LaVar Ball: Luke Walton and the Lakers are 'soft,' and 'babying' Lonzo Ball

LaVar Ball attends a Big Baller Brand promotional event in Hong Kong on November 14, 2017. (AFP/Getty)
LaVar Ball attends a Big Baller Brand promotional event in Hong Kong on November 14, 2017. (AFP/Getty)

As you have surely read, here and elsewhere, Lonzo Ball is having a rough go of it early in his NBA career. The former UCLA standout has produced flashes; posting two triple-doubles faster than anyone not named LeBron James is nothing to sneeze at. But his persistent shooting woes and historically inefficient offensive play, coupled with the fact that the Lakers have been 4.1 points per 100 possessions better with him off the court, have led at least some fans and observers to wonder whether L.A. might be better off letting Lonzo take a seat rather than continue to start and log 33 minutes a night.

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Lakers coach Luke Walton has chosen to keep running Lonzo out there so he can keep learning from his mistakes — including the ones you can’t experience from (or near) the bench — in hopes that the 2017 NBA draft’s No. 2 overall pick will come out of his career-opening funk with a clearer picture of what’s expected of him and how to move in the big leagues. You will be stunned to learn that Lonzo’s father, LaVar Ball — sorry, Coach Kerr — has a different view of how Walton and his coaching staff should approach his son!

From Eric Pincus of Bleacher Report:

“Go get the W. Do whatever it takes. That’s why I’m down here saying, ‘Rebound,'” [LaVar Ball] continued. “[Lonzo’s] been away from me too long. I see tendencies in his game — they’re trying to baby him a little bit.” […]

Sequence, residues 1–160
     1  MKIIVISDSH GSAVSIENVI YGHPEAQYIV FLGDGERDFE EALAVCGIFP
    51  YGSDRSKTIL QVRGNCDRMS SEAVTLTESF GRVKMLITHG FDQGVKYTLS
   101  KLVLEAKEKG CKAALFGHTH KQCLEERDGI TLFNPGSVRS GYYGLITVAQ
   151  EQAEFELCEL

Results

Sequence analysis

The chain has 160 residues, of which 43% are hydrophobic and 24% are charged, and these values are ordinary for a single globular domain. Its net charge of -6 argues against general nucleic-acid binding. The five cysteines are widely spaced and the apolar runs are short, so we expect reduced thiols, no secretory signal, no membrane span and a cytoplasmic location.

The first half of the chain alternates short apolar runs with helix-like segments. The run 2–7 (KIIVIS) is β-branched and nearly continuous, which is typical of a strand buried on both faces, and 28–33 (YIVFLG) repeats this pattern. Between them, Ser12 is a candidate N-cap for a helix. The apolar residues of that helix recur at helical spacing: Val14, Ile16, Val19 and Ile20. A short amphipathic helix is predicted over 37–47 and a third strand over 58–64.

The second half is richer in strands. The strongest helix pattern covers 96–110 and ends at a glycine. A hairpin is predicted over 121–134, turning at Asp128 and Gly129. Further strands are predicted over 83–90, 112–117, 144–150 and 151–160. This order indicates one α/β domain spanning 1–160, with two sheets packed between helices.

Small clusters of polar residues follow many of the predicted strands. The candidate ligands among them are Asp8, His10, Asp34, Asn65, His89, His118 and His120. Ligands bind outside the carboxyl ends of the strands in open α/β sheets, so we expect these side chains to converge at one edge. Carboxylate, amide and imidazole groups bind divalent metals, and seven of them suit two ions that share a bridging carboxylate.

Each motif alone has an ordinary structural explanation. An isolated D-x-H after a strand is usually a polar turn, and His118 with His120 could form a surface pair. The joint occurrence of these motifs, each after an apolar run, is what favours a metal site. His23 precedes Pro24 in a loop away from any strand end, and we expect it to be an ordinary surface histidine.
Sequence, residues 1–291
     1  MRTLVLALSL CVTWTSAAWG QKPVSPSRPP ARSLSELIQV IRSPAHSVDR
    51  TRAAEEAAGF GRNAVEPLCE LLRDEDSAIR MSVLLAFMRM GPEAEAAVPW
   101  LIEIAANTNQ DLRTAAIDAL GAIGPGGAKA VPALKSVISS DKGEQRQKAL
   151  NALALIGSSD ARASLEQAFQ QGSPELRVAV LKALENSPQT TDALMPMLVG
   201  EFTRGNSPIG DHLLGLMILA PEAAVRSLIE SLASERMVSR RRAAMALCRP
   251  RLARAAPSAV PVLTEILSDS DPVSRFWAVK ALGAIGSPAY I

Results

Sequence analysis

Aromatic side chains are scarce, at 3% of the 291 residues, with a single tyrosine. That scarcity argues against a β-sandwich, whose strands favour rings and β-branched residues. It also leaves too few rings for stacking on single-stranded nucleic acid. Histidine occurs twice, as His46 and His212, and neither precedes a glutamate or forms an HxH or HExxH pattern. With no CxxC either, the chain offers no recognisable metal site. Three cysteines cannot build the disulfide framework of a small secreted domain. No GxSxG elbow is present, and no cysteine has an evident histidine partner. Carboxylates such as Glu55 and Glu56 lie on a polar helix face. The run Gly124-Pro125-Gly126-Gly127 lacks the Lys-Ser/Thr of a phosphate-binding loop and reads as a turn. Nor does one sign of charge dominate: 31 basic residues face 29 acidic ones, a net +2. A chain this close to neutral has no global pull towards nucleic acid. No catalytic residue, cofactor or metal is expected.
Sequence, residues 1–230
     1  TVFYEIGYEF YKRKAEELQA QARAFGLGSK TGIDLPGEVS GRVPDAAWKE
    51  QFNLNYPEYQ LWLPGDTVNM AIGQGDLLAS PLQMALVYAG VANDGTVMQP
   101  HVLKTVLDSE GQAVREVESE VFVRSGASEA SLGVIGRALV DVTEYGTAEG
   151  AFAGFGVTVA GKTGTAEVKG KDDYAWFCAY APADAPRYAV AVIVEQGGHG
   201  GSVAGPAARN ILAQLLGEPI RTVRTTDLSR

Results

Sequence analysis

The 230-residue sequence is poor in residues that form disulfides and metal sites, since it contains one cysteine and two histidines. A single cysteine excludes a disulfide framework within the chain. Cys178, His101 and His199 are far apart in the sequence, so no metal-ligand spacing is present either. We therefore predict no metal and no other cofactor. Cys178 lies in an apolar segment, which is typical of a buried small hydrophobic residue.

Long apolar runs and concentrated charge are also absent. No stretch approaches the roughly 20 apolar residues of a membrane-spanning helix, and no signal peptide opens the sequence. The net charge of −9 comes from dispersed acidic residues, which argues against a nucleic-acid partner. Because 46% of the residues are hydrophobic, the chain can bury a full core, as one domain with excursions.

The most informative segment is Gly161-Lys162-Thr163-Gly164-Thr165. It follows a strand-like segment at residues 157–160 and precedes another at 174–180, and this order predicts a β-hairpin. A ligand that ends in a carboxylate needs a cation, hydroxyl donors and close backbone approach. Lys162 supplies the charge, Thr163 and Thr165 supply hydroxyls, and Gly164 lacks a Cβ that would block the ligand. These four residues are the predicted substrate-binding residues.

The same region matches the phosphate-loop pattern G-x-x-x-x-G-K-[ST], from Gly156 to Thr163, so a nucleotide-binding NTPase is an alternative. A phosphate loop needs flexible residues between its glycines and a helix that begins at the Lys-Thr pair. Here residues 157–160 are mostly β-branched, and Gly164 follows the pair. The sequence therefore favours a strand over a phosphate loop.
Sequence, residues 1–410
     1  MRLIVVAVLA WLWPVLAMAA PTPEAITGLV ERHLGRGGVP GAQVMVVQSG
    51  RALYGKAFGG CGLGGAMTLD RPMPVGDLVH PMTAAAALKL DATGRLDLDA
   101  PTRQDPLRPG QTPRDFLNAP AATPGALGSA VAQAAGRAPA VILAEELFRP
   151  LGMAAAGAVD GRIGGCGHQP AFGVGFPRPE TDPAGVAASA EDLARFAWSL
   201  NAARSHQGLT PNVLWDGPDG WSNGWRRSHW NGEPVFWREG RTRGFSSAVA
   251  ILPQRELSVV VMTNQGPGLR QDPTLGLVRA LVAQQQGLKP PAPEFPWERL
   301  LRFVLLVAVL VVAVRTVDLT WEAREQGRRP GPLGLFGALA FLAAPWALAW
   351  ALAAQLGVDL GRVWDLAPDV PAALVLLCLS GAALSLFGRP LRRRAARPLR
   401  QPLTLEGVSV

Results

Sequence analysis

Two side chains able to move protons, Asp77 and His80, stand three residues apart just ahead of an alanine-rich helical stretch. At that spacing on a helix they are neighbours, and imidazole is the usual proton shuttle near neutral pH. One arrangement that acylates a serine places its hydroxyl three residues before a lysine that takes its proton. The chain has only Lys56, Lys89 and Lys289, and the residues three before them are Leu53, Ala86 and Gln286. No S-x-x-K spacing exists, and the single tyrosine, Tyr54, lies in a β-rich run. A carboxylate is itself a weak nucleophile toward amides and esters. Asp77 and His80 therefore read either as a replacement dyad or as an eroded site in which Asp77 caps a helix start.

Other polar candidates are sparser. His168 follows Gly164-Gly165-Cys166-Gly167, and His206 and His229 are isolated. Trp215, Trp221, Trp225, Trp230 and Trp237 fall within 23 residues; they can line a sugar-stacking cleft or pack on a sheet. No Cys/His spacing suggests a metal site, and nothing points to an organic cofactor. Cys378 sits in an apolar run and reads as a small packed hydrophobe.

“They’re soft. They don’t know how to coach my son. I know how to coach him,” LaVar Ball said. “I tell him to go get the victory. Stop messing around.”

Does he have a problem with coach Luke Walton?

“No, I have a problem with losing,” Ball responded. […]

“What I mean by babying [Lonzo], ‘He’ll figure it out,'” Ball said. “It ain’t about that. ‘Be patient with him?’ Ain’t no patience if you’re winning.”

“They’re letting it go too easy, saying they’re a young team,” he continued. “Forget about that! Put the [onus] on them. Say, ‘You guys need to win. You’ve got enough talent. Win some games.'”

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In fairness to Walton and his staff, the Lakers have won some games. A young, rebuilding team pegged by many to rank among the West’s worst again this year has opened the season a surprisingly decent 7-10, sitting just a half-game out of the conference’s No. 8 seed. They’ve struggled to produce in tight games, getting outscored by nearly 24 points per 100 possessions in “clutch” situations (games in which the score is within five points in the final five minutes), according to’s stats. But they’re getting balanced contributions, with seven players scoring in double figures led by surprising star rookie Kyle Kuzma, and continue to hustle on defense, holding opponents to the NBA’s 10th-lowest field goal percentage (and lowest 3-point percentage) en route to a No. 4 ranking in points allowed per possession. They’ve been better, on balance, than just about anyone would’ve projected before the start of the season.

Except, it seems, for LaVar.